John C. “Jack” Bogle, a legendary but plainspoken figure on Wall Street whose creation of index funds at Vanguard Group transformed the way many Americans invest, died of cancer at age 89, the Philadelphia Inquirer reported Wednesday.
Bogle graduated from Princeton University in 1951 and began working at Wellington Fund, an early mutual-fund company, eventually becoming its chairman. In 1974, he founded the Vanguard Company, ushering in the era of low-cost, low-fee index funds, which simplified investing for many families. In 1999, Fortune named Bogle as “one of the four investment giants of the 20th Century.”
Bogle was inspired to work in the fledgling business of mutual funds in 1949 after reading an article in Fortune magazine. He founded Vanguard as a mutual-fund company that would be owned by its shareholders, with profits from the funds being returned to them in the form of smaller fees. Vanguard had about $5.3 trillion in global assets under management as of last September.
Bogle retired as chairman and CEO of Vanguard in 1996 and stepped down as senior chairman four years later. In 1999, he published Common Sense on Mutual Funds: New Imperatives for the Intelligent Investor, which is still considered a classic investment book. All along, Bogle championed the small retail investor against an investment environment on Wall Street that he often argued did not have their best interests in mind.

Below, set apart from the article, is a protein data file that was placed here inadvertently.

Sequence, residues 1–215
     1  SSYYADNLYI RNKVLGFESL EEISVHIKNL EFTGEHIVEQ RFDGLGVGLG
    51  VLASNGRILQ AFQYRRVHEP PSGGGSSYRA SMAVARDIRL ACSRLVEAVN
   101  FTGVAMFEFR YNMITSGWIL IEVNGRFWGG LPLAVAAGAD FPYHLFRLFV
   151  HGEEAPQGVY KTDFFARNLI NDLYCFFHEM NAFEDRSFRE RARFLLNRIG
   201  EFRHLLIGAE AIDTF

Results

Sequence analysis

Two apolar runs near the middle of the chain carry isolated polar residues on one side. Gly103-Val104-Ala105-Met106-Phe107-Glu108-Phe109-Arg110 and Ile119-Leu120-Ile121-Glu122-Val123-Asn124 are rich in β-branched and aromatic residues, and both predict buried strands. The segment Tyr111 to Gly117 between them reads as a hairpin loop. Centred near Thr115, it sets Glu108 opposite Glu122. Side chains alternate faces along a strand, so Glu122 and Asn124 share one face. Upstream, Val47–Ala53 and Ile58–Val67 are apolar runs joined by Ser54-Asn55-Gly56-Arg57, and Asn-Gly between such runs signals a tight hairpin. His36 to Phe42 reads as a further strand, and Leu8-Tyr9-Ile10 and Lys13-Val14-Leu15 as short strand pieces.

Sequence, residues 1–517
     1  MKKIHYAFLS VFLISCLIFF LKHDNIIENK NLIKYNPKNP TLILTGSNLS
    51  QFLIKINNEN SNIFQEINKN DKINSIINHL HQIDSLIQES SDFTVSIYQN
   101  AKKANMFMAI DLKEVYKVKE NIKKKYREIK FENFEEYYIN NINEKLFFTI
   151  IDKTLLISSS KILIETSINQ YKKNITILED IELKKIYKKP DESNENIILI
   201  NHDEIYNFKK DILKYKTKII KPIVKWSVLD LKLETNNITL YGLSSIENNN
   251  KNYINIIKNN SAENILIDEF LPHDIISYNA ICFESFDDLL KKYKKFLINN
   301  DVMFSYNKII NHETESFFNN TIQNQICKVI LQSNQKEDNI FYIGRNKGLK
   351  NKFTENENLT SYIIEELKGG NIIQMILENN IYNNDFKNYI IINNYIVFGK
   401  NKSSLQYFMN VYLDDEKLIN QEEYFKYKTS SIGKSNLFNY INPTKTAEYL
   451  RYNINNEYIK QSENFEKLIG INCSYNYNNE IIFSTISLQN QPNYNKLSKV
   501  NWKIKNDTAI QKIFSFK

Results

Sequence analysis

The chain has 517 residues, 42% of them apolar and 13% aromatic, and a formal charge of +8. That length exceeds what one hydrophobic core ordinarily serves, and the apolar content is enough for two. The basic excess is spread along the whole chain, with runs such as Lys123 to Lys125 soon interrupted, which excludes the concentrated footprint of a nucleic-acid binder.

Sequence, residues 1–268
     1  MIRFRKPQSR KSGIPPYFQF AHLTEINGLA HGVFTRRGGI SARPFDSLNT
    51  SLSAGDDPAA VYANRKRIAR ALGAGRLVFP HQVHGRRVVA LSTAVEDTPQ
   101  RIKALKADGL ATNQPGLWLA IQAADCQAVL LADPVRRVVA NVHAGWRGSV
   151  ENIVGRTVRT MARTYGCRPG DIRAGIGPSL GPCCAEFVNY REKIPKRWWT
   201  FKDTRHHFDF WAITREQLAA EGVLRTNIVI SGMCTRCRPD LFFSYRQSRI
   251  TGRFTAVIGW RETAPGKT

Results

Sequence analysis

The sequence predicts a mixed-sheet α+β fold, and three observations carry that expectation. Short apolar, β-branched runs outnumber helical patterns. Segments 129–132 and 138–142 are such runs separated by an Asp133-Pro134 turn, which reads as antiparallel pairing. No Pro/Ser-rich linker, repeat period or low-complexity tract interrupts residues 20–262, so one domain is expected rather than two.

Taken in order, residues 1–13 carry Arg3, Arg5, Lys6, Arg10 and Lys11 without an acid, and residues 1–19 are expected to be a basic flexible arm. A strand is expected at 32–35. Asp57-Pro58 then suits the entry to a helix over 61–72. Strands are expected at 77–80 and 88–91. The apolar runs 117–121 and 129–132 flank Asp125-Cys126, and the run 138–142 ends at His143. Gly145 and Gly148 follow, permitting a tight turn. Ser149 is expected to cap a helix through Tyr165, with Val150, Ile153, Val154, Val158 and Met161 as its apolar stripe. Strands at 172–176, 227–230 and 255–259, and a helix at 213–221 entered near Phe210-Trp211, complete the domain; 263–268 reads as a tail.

On Twitter, many investors and Wall Street observers remembered Bogle fondly not only as someone who changed retirement savings but who also steered his legendary career more by a humanitarian spirit than a desire for profit.
In a 2012 profile of Bogle, Fortune’s Andy Serwer wrote about him, “Jack has consistently gone his own way and made up his own mind. It’s an important point to remember when considering how to invest…. You may not build quite what Jack has, but thinking a bit more like him is sure to help you succeed.”